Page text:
Nothing human is alien to anyone of us, someone said. As human beings, we all walk one foot in darkness, and one foot in light. Some people incarcerated strive for a balance of shadow and sun, and sublimate the thoughts or actions of darkness into transformation, awareness, and light—something positive.

When I came to the California Department of Corrections in the late 1970’s, there were actually good trades, self-help and educational programs. There was no point system, and transfers and programs you were involved in were based on your in-prison behavior. Your residence was determined by your choices. One was not as much punished over and over again, just because you were a prisoner. There were programs open to choices and change. Incarceration is inherently revenge and punishment—if you don’t believe it, spend some hours or a night in a prison or jail.

As punishment increased and became more politically attractive, most politicians abandoned the efforts, and the cause of restorative justice. They piled onto the penal system of punishment and inmate economics to win elections and line their pockets. They wanted a prison in every county when they should have been abolishing penal systems.

Politicians tightened the noose of taking away any working programs in prisons throughout the 80’s, 90’s and most of the 2000’s. They paused in 2006 and brought the word “rehabilitation” into the picture— California Department of Corrections and “rehabilitation.” But, they have barely started to live up to that word. Politicians feasted on the emotions and money of the public, victims on all sides, and treated prisoners like prunes. No programs of change for decades. In 2006, when the state brought the word “rehabilitation” back, I had an op/ed piece on self-rehabilitation published in the San Francisco Chronicle alongside a text by the current Honorable State Attorney General Kamala Harris. Both essays focused on rehabilitation.

When I came into California prison system, there were only 12 prisons. In 1980 the state brought in a point system based on some illusionary facts. A point system used to enhance the punishment of all prisoners and particularly LWOPs and other lifers. Although prisoners may not have broken any rules for years, their punishment were enhanced.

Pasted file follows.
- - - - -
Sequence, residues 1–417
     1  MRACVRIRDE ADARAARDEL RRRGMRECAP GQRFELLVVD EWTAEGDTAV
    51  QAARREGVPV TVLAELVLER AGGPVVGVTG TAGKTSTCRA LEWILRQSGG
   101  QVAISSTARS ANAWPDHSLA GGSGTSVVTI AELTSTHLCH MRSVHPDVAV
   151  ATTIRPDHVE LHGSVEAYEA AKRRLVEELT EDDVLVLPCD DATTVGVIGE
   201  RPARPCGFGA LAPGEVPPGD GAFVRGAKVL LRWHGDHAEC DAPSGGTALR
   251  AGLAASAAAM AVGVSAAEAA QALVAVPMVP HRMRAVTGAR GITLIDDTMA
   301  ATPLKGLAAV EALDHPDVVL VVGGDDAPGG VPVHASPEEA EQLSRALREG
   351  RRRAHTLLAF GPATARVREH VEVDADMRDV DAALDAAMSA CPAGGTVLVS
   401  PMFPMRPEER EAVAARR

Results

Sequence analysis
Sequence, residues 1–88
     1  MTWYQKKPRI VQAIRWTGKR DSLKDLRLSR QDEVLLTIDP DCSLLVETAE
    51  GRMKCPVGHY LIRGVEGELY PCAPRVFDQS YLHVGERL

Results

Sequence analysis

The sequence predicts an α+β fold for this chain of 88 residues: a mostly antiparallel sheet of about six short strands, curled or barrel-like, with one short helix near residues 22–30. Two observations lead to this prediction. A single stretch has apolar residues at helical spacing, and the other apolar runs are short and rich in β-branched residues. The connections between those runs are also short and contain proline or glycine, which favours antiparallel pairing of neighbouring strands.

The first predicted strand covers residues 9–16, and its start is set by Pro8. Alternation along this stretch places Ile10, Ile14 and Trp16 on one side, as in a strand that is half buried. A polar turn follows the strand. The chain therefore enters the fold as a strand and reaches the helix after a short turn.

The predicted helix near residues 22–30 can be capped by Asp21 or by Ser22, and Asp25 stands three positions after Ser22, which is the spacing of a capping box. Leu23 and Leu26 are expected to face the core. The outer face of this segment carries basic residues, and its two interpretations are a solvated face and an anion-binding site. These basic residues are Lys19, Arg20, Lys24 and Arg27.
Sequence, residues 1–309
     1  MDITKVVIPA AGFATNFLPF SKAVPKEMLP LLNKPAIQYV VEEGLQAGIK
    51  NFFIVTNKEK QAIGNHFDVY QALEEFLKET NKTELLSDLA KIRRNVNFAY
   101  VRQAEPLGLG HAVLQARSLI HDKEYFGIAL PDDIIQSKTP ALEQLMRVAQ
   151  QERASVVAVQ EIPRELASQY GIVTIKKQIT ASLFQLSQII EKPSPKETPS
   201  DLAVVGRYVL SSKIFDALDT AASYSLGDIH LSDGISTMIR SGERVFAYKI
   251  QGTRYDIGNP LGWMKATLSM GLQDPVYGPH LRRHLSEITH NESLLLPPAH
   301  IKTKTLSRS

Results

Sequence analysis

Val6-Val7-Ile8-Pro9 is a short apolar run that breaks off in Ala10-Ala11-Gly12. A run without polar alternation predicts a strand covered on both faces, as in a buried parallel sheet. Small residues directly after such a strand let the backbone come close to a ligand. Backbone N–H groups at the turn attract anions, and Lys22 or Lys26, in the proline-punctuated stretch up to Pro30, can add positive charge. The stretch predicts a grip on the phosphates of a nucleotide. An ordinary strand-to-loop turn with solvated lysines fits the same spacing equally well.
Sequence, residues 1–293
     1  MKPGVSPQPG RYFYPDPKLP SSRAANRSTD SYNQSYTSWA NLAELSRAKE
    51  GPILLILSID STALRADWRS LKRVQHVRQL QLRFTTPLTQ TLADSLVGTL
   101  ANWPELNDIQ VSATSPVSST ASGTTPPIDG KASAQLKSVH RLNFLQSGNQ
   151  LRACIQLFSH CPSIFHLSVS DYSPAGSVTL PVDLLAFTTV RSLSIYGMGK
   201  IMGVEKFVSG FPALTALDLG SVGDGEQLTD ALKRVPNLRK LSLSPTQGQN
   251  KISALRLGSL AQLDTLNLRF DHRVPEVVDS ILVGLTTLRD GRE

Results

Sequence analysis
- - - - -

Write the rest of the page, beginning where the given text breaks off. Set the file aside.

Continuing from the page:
I was in Soledad prison at the time and they took me to classification committee and told me that based on their point system, I can go only to Folsom or San Quentin. Back then, both prisons were the last-stop prisons, before hell. I was under 21 years old, first time in prison and away from the heart of the high desert.

However, I wanted to create or make amends for the social contract I had broken in this land. I continuously strived to do and be the best, despite the lack of programs or incentives. Not because I owed the state or penal system anything, but because of love, truth, transformations inside myself that inspired me, and because it was the realness thing to do.

I took full advantage of any self-rehabilitative and educational programs available. It was a tragedy that led to my incarceration—tragic on all levels. I wanted to make amends, because my heart, soul and spirit were wounded by my actions, and had wounded others. Only forgiveness, growth, restoration and love could heal the tear I caused in the universe.

Tragedies sometimes opens and blows out one’s heart and soul to do and be better. It awakens you…why? I don’t know. I hope we all can continue to come together, instead of looking at prisoners as the enemies, but as brothers and sisters in society who have lost their way, humans who need to be restored and welcomed home. Restorative justice and prison reform and sentencing reforms need to happen. It has worked for the better in many countries, why not here? We all are human, and of the same species, as long as we come from Mother Earth or this planet. We are one collectively and we must embrace the endless pool of love inside all of us.

 I support the efforts of Geri Silva, Fair Chance Project, Anti Recidivism Coalition and Barbara Brooks, Sentencing and Justice Reform Advocacy. It’s about restorative justice, forgiveness, love, peace and realness. We all are human, and as such we must share our journeys.

First published in The Advocate, Volume 8 issue 3, Sentencing and Justice Reform Advocacy 

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